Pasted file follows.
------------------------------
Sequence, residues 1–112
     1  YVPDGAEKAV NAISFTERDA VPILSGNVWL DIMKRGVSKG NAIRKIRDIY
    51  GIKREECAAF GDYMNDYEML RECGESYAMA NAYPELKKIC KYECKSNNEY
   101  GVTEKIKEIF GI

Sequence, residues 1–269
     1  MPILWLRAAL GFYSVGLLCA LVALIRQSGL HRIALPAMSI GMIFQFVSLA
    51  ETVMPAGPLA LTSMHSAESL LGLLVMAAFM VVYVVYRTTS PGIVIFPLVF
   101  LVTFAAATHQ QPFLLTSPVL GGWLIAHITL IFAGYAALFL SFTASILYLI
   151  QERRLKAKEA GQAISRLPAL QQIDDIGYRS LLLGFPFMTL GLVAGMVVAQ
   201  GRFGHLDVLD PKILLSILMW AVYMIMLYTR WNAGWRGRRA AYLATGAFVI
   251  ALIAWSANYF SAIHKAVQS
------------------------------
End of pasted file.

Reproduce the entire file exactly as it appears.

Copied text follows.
Sequence, residues 1–112
     1  YVPDGAEKAV NAISFTERDA VPILSGNVWL DIMKRGVSKG NAIRKIRDIY
    51  GIKREECAAF GDYMNDYEML RECGESYAMA NAYPELKKIC KYECKSNNEY
   101  GVTEKIKEIF GI

Sequence, residues 1–269
     1  MPILWLRAAL GFYSVGLLCA LVALIRQSGL HRIALPAMSI GMIFQFVSLA
    51  ETVMPAGPLA LTSMHSAESL LGLLVMAAFM VVYVVYRTTS PGIVIFPLVF
   101  LVTFAAATHQ QPFLLTSPVL GGWLIAHITL IFAGYAALFL SFTASILYLI
   151  QERRLKAKEA GQAISRLPAL QQIDDIGYRS LLLGFPFMTL GLVAGMVVAQ
   201  GRFGHLDVLD PKILLSILMW AVYMIMLYTR WNAGWRGRRA AYLATGAFVI
   251  ALIAWSANYF SAIHKAVQS